A Changeling by Adelaide Anne Procter

A little changeling spirit
Crept to my arms one day:
I had no heart or courage
To drive the child away.

So all day long I soothed her,
And hushed her on my breast;
And all night long her wailing
Would never let me rest.

I dug a grave to hold her,
A grave both dark and deep;
I covered her with violets,
And laid her there to sleep.

I used to go and watch there,
Both night and morning too:-
It was my tears, I fancy,
That kept the violets blue.

I took her up: and once more
I felt the clinging hold,
And heard the ceaseless wailing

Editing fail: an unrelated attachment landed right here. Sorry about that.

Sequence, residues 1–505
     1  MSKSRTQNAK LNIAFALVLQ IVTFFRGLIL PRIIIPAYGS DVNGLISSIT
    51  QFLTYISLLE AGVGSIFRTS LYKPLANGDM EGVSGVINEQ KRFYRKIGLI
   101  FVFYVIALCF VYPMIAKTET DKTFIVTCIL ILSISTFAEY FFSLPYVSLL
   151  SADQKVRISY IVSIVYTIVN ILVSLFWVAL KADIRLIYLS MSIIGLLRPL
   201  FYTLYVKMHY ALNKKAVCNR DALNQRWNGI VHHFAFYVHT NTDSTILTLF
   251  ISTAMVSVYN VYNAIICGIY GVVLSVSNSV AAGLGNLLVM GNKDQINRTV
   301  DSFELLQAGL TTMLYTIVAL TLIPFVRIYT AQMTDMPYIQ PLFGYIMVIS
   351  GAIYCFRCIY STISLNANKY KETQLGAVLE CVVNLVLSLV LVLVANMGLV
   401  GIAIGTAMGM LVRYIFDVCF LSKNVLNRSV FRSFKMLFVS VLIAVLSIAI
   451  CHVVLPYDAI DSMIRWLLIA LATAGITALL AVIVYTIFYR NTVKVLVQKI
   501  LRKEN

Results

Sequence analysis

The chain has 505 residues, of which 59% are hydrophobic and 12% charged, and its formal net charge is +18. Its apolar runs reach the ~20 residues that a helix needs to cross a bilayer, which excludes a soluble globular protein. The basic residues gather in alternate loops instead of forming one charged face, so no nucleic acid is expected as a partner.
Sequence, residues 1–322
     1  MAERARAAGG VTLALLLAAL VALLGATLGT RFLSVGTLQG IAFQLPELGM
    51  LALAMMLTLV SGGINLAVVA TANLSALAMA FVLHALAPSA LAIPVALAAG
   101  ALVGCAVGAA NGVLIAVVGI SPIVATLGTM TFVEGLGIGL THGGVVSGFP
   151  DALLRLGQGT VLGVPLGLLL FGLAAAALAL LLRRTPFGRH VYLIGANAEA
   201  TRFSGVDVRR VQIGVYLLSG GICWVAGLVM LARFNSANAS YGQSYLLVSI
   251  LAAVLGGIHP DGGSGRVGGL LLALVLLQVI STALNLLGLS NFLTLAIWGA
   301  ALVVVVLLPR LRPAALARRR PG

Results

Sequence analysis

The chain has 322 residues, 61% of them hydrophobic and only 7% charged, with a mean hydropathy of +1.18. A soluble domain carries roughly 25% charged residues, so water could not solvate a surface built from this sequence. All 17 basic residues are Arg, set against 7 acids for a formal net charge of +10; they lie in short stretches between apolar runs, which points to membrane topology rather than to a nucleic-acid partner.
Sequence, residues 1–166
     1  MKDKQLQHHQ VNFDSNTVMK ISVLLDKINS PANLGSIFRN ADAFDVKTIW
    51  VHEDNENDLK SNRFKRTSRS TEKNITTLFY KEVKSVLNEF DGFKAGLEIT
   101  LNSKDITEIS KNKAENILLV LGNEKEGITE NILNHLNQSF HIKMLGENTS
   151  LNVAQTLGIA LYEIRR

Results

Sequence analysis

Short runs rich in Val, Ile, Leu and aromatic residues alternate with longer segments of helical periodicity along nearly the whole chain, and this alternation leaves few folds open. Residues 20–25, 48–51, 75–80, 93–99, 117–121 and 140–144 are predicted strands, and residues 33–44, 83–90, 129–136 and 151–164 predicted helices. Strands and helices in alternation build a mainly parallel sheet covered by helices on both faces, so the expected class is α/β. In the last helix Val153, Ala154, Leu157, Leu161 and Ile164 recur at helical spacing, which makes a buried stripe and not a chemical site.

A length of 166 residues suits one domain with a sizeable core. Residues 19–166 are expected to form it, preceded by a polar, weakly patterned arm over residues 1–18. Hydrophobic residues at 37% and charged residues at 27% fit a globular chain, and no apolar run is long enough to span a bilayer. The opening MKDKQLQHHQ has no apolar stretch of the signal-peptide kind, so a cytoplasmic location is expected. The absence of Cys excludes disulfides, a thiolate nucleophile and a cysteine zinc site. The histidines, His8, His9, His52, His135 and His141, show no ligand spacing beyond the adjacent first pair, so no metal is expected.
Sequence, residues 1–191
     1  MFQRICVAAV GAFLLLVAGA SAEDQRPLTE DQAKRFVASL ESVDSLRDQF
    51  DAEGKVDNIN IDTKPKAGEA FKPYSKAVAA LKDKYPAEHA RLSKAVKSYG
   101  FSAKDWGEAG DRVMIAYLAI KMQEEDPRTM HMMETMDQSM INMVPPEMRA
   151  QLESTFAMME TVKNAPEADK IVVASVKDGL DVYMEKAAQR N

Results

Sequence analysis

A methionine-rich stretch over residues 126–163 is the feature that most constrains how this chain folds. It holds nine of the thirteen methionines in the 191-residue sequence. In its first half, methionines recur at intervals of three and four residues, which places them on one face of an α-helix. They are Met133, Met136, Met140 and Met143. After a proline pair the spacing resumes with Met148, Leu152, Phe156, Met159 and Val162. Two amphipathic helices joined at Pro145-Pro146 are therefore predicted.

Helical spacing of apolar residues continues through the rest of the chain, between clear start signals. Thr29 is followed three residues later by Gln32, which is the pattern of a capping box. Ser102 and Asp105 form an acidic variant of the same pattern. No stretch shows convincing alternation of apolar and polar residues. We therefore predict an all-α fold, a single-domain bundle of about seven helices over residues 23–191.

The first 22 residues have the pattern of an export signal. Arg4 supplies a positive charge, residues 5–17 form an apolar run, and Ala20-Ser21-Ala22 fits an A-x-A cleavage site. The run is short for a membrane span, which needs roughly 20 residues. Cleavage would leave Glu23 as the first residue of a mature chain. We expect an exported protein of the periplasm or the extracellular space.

That wearied me of old.

I wandered, and I wandered,
With my burden on my breast,
Till I saw a church-door open,
And entered in to rest.

In the dim, dying daylight,
Set in a flowery shrine,
I saw the Virgin Mother
Holding her Child divine.

I knelt down there in silence,
And on the Altar-stone
I laid my wailing burden,
And came away–alone.

And now that little spirit,
That sobbed so all day long,
Is grown a shining Angel,
With wines both wide and strong.

She watches me from Heaven,
With loving, tender care,
And one day she has promised
That I shall find her there.

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